|Publication number||US4635941 A|
|Application number||US 06/712,231|
|Publication date||Jan 13, 1987|
|Filing date||Mar 15, 1985|
|Priority date||Mar 15, 1985|
|Publication number||06712231, 712231, US 4635941 A, US 4635941A, US-A-4635941, US4635941 A, US4635941A|
|Original Assignee||Yonex Kabushiki Kaisha|
|Export Citation||BiBTeX, EndNote, RefMan|
|Patent Citations (6), Non-Patent Citations (2), Referenced by (48), Classifications (15), Legal Events (5)|
|External Links: USPTO, USPTO Assignment, Espacenet|
The present invention relates to the head structure of golf clubs and, more particularly, to an improvement in the head structure of iron clubs.
In general, iron clubs are intended primarily for second, third and bunker shots rather than tee shots, and they are used often for hitting shots from the bare ground, a sandy place and so on as well as from turf. Accordingly, conventional iron clubs are designed so that the club head is made in one body from a metallic material such as soft iron, stainless steel or the like in order to prevent the club head, and in particular its sole, from being readily damaged by a pebble or sand when hitting a ball.
In the design of such a club head, it is regarded as preferable in terms of function to add weight to the toe, the heel and the sole of the club head and to lessen the weight of the hitting region of the clubface. From this point of view, the hitting region is usually formed thin, but this results in the defect of decreased hitting distance of a ball hit by such a club. Further, the hitting region of the clubface is made of a hard metal, and hence its repulsive force is small. Accordingly, the use of hard metal is not always preferable from the viewpoints of the direction and distance of the ball.
It is therefore an object of the present invention to provide a head structure of iron clubs, the hitting region of which is made of a material of relatively large repulsive force for achieving greater distance and more stable direction of a ball hit by such club.
Another object of the present invention is to provide a golf club head which can improve "feel" of shots.
A further object of the present invention is the provision of a golf club head which is so tough as to prevent damage thereto when it is used to hit a ball on bare ground or in a bunker.
A still further object of the present invention is to provide a golf club head which may be so designed as to have a desired weight and balance without spoiling various functions required in golf play.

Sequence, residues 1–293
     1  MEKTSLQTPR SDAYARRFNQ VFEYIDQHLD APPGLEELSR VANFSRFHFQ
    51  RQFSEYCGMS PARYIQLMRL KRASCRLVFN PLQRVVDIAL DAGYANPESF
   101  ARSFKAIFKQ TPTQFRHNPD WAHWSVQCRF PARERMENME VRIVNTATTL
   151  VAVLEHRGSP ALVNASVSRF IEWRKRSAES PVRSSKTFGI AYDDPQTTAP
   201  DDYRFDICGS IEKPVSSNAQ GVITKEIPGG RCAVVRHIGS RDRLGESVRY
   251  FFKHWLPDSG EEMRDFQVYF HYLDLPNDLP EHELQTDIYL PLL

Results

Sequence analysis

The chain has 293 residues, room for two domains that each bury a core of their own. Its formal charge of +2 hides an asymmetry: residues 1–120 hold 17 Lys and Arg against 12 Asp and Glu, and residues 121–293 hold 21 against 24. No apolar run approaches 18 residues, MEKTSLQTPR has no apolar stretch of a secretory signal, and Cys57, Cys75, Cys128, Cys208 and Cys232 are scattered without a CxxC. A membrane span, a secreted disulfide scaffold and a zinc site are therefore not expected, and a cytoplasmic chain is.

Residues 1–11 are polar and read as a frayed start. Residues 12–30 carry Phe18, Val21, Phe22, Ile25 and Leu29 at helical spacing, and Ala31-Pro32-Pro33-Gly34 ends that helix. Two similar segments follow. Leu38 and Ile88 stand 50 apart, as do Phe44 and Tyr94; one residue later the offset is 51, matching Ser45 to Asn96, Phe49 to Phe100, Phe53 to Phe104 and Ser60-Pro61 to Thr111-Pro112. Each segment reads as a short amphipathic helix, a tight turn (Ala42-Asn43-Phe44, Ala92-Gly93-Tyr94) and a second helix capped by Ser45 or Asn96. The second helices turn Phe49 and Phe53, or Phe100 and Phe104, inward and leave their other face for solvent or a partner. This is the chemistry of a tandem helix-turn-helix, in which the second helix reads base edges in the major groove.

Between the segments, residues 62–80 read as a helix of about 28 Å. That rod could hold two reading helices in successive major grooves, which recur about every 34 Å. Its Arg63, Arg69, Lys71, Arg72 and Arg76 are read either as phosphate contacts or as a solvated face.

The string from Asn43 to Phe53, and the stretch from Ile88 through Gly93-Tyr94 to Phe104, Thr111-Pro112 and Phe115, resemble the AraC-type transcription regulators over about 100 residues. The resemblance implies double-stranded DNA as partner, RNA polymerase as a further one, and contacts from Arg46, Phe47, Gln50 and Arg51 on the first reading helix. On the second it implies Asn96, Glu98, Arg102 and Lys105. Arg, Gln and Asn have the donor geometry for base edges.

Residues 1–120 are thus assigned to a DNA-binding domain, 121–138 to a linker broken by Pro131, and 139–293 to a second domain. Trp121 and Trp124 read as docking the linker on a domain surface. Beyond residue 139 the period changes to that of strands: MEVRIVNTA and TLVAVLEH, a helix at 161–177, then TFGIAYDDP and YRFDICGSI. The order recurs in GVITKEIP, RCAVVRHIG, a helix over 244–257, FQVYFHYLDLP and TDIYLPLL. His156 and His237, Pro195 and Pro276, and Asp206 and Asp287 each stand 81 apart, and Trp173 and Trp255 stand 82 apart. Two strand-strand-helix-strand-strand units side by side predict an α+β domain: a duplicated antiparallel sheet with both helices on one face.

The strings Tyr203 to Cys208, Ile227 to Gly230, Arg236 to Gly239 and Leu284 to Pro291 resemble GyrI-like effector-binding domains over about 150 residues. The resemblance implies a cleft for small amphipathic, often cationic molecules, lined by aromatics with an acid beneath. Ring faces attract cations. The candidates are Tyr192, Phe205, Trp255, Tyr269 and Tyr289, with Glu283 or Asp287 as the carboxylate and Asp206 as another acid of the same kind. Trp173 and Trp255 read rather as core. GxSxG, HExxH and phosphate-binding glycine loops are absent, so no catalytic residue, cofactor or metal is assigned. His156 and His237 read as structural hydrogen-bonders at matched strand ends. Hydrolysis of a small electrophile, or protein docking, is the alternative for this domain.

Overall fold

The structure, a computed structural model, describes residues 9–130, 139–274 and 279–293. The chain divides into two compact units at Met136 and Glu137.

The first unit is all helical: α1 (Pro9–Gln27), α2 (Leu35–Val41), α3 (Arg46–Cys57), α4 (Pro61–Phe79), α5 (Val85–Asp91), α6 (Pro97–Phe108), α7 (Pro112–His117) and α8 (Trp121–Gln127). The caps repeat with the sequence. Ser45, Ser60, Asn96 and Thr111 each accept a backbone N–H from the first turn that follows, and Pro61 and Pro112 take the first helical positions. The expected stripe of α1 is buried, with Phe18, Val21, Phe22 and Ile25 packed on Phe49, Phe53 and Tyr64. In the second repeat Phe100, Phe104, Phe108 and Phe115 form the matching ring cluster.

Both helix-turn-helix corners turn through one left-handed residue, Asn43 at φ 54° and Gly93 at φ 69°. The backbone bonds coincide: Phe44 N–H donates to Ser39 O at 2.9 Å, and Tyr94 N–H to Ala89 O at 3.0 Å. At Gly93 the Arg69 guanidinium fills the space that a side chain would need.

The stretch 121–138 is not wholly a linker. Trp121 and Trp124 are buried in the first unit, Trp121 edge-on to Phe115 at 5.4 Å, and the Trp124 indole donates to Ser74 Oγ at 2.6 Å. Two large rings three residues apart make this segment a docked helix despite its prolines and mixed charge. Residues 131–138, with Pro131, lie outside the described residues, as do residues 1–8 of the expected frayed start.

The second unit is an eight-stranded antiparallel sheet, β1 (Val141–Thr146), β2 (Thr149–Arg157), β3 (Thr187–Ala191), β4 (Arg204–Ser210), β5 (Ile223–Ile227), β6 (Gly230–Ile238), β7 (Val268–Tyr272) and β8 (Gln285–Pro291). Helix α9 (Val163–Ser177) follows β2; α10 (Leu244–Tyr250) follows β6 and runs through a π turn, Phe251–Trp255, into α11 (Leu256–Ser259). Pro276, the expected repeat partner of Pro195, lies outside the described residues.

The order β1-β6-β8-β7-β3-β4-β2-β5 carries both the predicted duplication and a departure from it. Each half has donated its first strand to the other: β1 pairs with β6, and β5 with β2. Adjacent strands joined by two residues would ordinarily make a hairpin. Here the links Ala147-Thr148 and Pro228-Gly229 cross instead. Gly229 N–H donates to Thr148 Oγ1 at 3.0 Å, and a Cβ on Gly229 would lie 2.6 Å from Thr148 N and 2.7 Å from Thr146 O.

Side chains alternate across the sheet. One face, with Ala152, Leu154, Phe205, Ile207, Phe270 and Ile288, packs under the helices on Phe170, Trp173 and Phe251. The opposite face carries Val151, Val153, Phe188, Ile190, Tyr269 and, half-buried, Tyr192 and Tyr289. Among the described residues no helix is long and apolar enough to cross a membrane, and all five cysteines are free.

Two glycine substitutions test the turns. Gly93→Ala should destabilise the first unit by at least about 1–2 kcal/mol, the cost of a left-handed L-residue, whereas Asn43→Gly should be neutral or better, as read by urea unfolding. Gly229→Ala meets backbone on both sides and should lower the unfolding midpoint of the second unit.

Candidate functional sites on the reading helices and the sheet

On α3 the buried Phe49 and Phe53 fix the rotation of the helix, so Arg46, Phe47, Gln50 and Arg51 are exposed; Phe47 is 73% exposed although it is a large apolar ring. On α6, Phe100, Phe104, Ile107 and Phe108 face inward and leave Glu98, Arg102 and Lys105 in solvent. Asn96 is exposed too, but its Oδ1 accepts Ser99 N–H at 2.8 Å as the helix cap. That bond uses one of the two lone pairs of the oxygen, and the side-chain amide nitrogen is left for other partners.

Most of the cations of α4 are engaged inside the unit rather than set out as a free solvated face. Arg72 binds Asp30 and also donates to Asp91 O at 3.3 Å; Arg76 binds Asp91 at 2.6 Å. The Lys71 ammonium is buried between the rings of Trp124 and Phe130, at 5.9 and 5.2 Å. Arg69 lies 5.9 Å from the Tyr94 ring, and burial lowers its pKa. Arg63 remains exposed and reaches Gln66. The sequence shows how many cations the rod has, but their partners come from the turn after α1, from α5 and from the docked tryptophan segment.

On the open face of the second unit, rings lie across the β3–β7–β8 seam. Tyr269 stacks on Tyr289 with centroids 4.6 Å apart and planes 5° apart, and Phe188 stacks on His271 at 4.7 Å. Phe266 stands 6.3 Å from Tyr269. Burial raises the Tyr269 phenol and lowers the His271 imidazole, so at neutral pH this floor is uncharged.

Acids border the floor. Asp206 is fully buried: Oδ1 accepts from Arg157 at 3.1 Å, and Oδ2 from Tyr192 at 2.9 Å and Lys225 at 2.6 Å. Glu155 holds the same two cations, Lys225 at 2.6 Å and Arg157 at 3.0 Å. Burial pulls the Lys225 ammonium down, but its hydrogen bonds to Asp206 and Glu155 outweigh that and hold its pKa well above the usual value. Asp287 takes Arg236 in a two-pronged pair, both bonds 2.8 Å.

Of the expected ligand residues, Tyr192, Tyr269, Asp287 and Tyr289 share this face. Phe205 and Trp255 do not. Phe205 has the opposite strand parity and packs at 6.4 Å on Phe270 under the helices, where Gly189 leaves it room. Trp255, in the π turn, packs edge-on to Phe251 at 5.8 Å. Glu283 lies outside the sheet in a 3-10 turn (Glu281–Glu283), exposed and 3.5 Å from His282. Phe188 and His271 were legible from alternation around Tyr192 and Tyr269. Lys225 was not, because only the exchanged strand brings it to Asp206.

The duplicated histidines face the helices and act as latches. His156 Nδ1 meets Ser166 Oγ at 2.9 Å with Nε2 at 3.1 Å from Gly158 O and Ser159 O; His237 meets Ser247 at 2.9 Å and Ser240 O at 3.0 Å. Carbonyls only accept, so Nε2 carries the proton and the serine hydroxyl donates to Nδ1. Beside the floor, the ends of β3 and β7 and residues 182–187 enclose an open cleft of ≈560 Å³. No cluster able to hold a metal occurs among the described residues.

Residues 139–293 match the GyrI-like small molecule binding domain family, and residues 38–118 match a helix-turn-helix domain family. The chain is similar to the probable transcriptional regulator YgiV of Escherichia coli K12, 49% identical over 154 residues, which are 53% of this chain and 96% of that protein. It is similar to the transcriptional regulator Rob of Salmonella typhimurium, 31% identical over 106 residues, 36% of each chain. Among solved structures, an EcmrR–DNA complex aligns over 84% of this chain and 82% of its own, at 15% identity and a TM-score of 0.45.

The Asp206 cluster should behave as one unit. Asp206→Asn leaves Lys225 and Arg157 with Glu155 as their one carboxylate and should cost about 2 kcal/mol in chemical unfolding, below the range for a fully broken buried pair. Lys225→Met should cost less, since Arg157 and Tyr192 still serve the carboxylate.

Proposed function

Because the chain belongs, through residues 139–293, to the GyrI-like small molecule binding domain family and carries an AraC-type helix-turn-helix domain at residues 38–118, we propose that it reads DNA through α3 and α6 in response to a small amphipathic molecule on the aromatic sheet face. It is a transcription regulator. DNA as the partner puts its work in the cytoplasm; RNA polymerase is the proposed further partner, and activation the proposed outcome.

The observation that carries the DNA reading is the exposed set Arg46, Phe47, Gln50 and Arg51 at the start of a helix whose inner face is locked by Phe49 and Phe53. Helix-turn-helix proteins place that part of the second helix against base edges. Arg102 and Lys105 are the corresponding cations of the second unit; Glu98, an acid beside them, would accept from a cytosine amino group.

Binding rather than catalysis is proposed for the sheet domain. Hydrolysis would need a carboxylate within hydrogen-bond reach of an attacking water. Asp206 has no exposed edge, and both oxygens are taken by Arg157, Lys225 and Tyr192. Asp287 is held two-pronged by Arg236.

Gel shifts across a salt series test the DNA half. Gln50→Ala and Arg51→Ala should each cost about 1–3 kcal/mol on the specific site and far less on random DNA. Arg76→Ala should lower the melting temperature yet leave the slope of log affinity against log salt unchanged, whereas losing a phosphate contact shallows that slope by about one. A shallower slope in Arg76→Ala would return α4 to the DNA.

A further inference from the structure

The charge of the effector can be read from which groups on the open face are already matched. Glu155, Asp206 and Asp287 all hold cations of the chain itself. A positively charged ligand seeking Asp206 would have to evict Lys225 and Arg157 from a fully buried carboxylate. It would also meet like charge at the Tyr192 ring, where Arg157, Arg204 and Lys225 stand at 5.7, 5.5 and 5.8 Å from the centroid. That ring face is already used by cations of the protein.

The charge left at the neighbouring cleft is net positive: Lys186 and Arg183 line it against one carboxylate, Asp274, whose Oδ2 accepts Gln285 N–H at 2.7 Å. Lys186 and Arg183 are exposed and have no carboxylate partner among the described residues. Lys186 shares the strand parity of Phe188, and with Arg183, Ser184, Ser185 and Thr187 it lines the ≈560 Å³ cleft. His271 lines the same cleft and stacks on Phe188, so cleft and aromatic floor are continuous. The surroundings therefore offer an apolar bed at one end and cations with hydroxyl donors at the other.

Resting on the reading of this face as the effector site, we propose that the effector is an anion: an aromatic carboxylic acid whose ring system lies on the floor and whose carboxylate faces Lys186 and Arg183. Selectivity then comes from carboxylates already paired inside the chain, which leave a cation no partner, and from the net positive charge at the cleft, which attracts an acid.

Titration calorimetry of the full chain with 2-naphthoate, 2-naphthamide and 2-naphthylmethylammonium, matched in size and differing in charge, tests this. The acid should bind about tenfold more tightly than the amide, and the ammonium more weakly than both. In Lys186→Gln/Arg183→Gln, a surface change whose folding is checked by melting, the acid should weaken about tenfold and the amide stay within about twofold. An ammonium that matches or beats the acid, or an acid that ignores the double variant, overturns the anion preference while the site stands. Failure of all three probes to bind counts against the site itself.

According to the present invention, a golf club head includes a sole formed of metal material and an inner head member of metal material formed integrally with the sole, the inner head member extending upwardly from the sole and having a substantially triangular shape in cross section, a lower end thereof having a thickness in a direction of swing of the head smaller than that of the sole to provide front and rear shoulders therebetween. A hosel is provided to receive a shaft therein and is formed of metal material integrally with the sole and the inner head member, the hosel being connected to the sole and the inner head member at a heel portion of the golf club head. An outer head member is formed of carbon fiber reinforced resin material and has a substantially inverted V-shaped cross-sectional configuration covering the entirety of the inner head member, lower ends of the outer head member being in close contact with the shoulders with marginal edges of the lower ends being flush with the sole. Also provided is a means for strengthening the joint between the inner and outer head members, which means is formed on the outer surface of the inner head member.
The means for strengthening the joint may comprise a plurality of dimples or, alternatively, a plurality of grooves, in which the carbon fiber reinforced resin material is in close fit. The means may also comprise a plurality of small protuberances or a plurality of ribs in the form of straight lines, the carbon fiber reinforced material being fitted thereon.
Other objects, features and advantages of the present invention will be apparent from the following detailed description of preferred embodiments thereof when taken in conjunction with the accompanying drawings, in which:
FIG. 1 is a front elevational view illustrating a golf club head according to a first embodiment of the present invention;
FIG. 2 is a sectional view of the golf club head taken along the line II--II in FIG. 1;
FIG. 3 is a front elevation of a golf club head according to a second embodiment of the present invention, with an outer head member being removed for the purpose of facility of illustration; and
FIG. 4 is a sectional view of the golf club head of the second embodiment.
Referring to FIGS. 1 and 2 of the drawings, a golf club head according to a first embodiment is illustrated to have a frontal contour similar to those of conventional iron club heads and comprises a head body 10 and a hosel 12. The hosel 12 is a tubular socket for receiving a shaft 14 therein. The head body 10 includes a sole 16 formed of metal material such as soft iron, stainless steel, brass or like material, and an inner head member 18 of the same material and formed integrally with the sole 16. The inner head member 18 extends upwardly from the sole 16 and has a substantially triangular shape in cross section as shown in FIG. 2. The thickness of the lower end of the member 18 in the direction of swing of the head is smaller than that of the sole 16, so that a front shoulder 20 and a rear shoulder 22 are provided between the sole 16 and the member 18. Formed on an outer surface of the inner member 18 are a plurality of dimples 24 each having a relatively small diameter for increasing the superficial area of the member 18. A relatively large hole 26 may be provided through the member 18 at substantially a central portion thereof. The hosel 12 preferably includes an inner tube 28 which is formed of the metal material and is integral with the sole 16 and the member 18 at a heel portion of the head body 10.